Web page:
Let’s be clear.  God was not asking the question because he could not find Adam.  He knew exactly where Adam was.  God cannot be beaten at hide-n-seek.

He asked the question because He wanted to give Adam a chance to come clean.  A chance to“come out of the shadows.”

So where are you?

Are there areas in your life where you are living in the shadows?  Been keeping secrets from your spouse?  Hiding something from your kids?  Holding back on your team?  Skimming financially?  Taking short cuts physically?

If so, you are headed for a collision.  Why not make the decision to come back into the light and pursue a life of integrity?  Why not make the decision to stay out of the shadows.

i2i,

Randy

 

What areas are the most tempting for leaders to “live in the shadows?”

 

 

repost from 6.10.11

Come out of the Shadows

Wednesday afternoon I was out for a run when I found myself going through a tunnel on a local running path.  All of a sudden two women riding on a golf cart came flying into the tunnel.  They were talking faster than they were driving which was scary.  Realizing they were not paying attention, I tried to hug the wall of the culvert.  The ladies slammed on their brakes just before they plastered me.  Thankfully it was dark and I’m pretty sure they couldn’t see that I was starting to cry.

The woman driving looked toward me and said, “I’m so sorry, I couldn’t see you in the shadows.”

It is never a good idea for a runner to be in the shadows.  The same can be said for a leader.

Leaders who live in the shadows will eventually shipwreck their influence.  Yet so many leaders have a propensity to try and hide.

Whether you are a Bible reader or not you will recall the Creation story of Adam and Eve in the Garden of Eden.  When sin entered the world, the Bible tells us that Adam was trying to hide from God.  In Genesis 3:9 Scripture reads, “The LORD God called to the man, ‘Where are you?’”

Let’s be clear.  God was not asking the question because he could not find Adam.  He knew exactly where Adam was.  God cannot be beaten at hide-n-seek.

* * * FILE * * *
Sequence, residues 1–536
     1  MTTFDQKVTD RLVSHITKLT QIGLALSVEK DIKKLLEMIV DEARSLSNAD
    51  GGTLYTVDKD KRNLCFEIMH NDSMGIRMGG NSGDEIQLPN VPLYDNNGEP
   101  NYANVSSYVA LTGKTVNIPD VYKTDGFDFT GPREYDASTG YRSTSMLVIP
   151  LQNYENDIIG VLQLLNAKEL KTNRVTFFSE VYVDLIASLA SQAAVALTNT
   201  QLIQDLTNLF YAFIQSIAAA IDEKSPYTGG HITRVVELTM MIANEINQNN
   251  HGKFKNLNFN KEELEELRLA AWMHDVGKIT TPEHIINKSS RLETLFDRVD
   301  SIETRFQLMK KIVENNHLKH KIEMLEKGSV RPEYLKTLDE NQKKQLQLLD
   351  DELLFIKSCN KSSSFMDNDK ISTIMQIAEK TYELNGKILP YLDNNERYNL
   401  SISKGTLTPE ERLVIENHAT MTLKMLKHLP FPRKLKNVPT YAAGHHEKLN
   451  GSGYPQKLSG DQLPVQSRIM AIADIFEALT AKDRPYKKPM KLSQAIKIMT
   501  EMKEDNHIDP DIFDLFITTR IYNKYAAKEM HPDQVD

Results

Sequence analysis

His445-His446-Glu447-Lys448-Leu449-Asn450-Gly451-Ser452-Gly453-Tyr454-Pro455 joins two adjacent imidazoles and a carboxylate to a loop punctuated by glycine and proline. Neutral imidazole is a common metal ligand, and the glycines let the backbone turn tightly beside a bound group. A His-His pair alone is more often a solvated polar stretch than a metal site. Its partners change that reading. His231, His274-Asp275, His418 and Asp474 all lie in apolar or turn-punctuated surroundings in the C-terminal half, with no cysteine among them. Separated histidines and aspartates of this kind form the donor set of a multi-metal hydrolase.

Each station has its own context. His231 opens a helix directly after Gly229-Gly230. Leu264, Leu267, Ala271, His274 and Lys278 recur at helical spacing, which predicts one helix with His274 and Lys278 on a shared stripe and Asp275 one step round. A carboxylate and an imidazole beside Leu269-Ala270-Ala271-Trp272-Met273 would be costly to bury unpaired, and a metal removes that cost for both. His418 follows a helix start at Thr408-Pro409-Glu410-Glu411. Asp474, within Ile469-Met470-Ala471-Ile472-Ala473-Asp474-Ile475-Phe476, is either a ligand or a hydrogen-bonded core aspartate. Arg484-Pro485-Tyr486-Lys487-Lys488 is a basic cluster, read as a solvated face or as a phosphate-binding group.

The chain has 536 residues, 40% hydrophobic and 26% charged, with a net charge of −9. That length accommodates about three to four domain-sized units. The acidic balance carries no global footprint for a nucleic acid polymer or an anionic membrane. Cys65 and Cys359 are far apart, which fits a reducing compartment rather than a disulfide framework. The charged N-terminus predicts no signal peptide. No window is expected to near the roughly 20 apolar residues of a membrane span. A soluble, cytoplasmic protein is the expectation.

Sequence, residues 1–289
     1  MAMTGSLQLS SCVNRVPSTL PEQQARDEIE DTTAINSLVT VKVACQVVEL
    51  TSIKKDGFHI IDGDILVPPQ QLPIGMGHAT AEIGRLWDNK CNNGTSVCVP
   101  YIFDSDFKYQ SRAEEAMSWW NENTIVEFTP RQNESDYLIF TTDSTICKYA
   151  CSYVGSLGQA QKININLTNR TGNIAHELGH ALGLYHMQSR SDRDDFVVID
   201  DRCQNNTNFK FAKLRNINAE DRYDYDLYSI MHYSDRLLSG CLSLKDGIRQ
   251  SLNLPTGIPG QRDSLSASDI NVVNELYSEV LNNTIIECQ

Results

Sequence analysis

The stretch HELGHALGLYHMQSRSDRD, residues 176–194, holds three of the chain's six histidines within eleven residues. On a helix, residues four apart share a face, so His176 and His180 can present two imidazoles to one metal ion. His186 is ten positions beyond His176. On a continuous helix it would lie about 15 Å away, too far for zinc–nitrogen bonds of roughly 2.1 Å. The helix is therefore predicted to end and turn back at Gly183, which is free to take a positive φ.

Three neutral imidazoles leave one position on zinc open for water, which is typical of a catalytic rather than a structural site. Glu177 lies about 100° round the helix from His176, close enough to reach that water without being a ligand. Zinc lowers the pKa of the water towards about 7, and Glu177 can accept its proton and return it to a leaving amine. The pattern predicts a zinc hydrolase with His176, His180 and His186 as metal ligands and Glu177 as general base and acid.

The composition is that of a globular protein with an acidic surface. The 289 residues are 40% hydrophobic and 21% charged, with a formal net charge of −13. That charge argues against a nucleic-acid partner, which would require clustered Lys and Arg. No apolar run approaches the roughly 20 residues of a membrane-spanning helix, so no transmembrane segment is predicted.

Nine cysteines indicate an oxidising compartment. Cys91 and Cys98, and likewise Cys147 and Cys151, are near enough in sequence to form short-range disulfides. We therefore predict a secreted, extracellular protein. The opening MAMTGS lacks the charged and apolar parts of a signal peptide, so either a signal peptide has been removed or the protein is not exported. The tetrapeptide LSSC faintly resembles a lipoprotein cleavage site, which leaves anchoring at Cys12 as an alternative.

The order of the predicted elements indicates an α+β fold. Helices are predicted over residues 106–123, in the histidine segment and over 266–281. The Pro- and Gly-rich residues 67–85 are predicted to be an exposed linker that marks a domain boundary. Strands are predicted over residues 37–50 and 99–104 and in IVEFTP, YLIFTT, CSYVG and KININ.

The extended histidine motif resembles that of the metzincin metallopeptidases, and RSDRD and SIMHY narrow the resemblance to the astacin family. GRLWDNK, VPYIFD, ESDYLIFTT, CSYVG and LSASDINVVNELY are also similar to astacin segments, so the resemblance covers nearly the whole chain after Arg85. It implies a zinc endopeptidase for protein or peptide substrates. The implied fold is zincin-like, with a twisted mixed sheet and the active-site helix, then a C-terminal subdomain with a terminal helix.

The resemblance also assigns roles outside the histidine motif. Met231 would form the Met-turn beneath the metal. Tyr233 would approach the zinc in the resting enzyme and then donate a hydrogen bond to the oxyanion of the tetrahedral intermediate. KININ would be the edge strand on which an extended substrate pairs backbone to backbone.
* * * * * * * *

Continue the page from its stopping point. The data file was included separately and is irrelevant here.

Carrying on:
He asked the question because He wanted to give Adam a chance to come clean.  A chance to“come out of the shadows.”

So where are you?

Are there areas in your life where you are living in the shadows?  Been keeping secrets from your spouse?  Hiding something from your kids?  Holding back on your team?  Skimming financially?  Taking short cuts physically?

If so, you are headed for a collision.  Why not make the decision to come back into the light and pursue a life of integrity?  Why not make the decision to stay out of the shadows.

 

i2i,

Randy

Thoughts?

 

repost from 6.10.11

Who's Fooling Who?

“You can fool some of the people all of the time, and all of the people some of the time, but you cannot fool all of the people all of the time.”

Those words, attributed to Abraham Lincoln, will hopefully serve as a reminder today that your greatest asset is your integrity.

Who have you been trying to fool lately?

I find that when I try to fool others I end up deceiving myself.

Examine your integrity today and make a fresh commitment to live a life that positions you to influence others in a positive way.

 

i2i,

Randy

 

Comments?

 

repost from 2.17.11